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10 months ago

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After a 6 month wait, I finally got my Pioneer Homesteader! I am one happy girl today! The soil finally dried out just enough I could play with it today. My goodness, the difference between it and the sulky plows I have used is NICE! It is so much more stable. It is even more comfortable than my forecart, though certainly they have different uses. The only bad part for me is that the lever to raise and lower the attachment requires an arm about 3 inches longer than mine, but I’ll just have to adjust. Our horses are in between the pole adjustments that come standard, so we are going to make a few tweaks to it to make it work better for our farm and horses. All in all, though, I am thrilled with it!

So after churning up some top sod today, I have a few questions. First, my horses are on the larger end intended for the Homesteader. As a result, if the lines are adjusted such that they walk and face perfectly straight, their bellies almost touch over the pole, and I can’t see where I am going to find my rows. The other issue is that it seems easier for one or the other horse to mistakenly drift and step on my row center while walking straight. Is it acceptable to adjust the lines such that their heads will ever-so-slightly flare outward, to cause the horses to open up a bit?

Secondly, these horses have never done any type of plowing, furrow walking, or really anything requiring such precise, straight lines. One walks like a drunken sailor if given half a chance. I have been making conscious effort over the last couple of months to work on tighter, slower, and straighter in all we do, We spent several hours practicing straight lines in the rows today. Overall, they did OK, but one issue is that they walk faster than I’d like. They aren’t rushing, bit contact is nice and steady, but they just walk along as if going down the street. Even with a heavier pull, they tend to walk a bit faster instead of leaning in and pulling harder. What is the best way to teach the slow, short step, steady work without being in their mouth constantly?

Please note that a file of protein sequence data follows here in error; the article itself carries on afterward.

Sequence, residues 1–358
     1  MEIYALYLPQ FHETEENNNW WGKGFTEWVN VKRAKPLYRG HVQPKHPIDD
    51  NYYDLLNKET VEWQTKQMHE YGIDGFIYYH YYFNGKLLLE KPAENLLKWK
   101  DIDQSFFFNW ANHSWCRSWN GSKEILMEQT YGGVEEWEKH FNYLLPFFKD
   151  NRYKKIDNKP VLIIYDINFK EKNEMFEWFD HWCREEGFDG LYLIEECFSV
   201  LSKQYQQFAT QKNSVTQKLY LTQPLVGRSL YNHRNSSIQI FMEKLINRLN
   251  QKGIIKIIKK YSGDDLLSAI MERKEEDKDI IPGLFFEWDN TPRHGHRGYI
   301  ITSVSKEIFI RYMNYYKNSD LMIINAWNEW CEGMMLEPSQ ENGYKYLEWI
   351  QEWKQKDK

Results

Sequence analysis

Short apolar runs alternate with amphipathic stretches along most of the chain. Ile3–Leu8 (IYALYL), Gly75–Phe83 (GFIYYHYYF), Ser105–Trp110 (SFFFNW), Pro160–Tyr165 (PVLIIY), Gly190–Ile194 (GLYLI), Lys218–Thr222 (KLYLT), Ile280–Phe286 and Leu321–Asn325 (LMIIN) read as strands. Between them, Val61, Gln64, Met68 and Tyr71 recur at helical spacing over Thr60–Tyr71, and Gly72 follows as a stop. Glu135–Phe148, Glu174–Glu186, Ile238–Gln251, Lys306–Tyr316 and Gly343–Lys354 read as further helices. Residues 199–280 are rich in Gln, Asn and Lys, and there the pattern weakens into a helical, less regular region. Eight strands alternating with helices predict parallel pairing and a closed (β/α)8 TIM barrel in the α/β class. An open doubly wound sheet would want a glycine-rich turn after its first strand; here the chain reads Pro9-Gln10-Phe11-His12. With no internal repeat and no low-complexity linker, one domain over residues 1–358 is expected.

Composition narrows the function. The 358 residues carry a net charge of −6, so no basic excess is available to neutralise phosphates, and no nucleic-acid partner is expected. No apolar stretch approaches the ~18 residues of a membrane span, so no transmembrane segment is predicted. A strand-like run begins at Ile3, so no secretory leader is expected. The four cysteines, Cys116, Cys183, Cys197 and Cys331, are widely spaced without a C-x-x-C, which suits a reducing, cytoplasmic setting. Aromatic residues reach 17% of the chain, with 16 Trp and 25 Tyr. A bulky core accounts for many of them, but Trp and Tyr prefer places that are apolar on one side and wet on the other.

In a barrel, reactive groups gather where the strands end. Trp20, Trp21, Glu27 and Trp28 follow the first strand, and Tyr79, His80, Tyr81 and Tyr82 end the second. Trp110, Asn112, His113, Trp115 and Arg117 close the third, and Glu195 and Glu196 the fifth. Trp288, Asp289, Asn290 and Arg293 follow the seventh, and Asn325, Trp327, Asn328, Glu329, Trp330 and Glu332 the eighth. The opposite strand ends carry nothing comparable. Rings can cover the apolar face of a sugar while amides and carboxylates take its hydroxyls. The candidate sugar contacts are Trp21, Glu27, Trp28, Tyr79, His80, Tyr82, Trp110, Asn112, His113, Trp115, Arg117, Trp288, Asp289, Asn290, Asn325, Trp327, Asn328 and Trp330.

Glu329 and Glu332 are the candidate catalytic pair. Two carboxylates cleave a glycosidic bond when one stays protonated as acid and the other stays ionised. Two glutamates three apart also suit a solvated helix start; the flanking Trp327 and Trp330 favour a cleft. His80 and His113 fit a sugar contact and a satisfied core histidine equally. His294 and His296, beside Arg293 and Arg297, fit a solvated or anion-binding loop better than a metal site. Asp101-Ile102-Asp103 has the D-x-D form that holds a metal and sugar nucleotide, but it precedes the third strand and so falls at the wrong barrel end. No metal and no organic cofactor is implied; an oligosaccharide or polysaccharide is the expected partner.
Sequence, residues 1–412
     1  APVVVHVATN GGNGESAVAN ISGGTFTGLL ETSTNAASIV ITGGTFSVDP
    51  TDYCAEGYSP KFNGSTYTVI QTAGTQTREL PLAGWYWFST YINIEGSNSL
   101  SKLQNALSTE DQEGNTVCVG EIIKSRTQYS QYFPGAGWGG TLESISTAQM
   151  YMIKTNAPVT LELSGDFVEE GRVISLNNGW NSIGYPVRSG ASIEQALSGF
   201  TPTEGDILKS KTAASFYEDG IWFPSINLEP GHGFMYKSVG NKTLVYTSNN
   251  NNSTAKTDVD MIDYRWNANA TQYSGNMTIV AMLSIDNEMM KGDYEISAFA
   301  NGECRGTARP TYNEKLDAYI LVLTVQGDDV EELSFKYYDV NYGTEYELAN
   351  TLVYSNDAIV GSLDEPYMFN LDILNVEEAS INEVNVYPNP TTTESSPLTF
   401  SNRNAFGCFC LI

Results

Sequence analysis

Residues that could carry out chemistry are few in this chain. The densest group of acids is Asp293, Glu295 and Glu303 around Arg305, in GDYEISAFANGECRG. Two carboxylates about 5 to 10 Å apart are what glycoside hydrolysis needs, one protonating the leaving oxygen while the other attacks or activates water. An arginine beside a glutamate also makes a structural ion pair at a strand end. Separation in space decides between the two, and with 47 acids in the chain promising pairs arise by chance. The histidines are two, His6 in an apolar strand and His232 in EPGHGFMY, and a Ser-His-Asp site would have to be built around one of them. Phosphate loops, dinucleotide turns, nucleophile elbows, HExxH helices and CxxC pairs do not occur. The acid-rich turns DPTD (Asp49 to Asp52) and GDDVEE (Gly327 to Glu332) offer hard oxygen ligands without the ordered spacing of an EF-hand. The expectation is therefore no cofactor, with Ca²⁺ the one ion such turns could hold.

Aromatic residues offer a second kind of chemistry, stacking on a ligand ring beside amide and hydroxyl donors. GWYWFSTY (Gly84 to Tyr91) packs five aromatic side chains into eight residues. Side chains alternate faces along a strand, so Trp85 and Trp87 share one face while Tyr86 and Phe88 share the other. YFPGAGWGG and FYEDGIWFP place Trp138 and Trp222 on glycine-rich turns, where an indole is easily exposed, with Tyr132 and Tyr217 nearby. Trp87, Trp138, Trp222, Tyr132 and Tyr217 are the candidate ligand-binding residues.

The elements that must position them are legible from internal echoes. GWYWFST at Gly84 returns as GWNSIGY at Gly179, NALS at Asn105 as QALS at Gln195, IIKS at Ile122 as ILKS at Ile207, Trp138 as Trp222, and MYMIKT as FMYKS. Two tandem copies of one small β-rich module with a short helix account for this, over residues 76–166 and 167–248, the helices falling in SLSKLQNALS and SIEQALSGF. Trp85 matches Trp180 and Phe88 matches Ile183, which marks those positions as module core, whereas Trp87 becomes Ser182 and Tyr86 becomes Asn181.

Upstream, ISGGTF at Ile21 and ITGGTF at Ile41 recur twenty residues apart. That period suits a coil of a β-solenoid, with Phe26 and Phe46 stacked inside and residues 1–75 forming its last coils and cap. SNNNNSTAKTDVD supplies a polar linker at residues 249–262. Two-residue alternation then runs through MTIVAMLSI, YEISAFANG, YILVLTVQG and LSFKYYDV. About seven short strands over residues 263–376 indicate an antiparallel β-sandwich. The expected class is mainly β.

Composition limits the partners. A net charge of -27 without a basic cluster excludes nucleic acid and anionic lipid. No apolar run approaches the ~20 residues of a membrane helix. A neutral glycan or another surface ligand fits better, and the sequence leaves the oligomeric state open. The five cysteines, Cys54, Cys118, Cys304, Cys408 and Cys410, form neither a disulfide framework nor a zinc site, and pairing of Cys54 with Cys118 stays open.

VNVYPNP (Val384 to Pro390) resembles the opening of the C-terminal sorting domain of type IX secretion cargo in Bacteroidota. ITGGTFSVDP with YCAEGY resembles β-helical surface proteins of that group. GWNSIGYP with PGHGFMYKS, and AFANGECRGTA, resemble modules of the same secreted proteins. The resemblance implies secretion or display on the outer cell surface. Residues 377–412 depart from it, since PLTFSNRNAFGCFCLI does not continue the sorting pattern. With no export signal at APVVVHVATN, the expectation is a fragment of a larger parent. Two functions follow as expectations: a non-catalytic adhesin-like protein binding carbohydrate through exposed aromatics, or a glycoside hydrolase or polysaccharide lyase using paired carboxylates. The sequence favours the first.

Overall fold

Here is a brief video to give you a better idea. In this clip, I am using the potato plow to get a feel for how it works before having actual potatoes in the ground.

As always, thanks for your thoughts and advice! I don’t think we would be nearly as far along as we are without this resource!

Klaus Karbaumer says 2018-04-06 09:06:48 (CST)

Congratulations, Danielle. You and your horses look great with the Homesteader.
I do not think that flaring the horses' heads to the outside with adjusted lines will make them open up at the bellies. They might even push them more to the inside. Only a longer double-tree and neckyoke will accomplish that.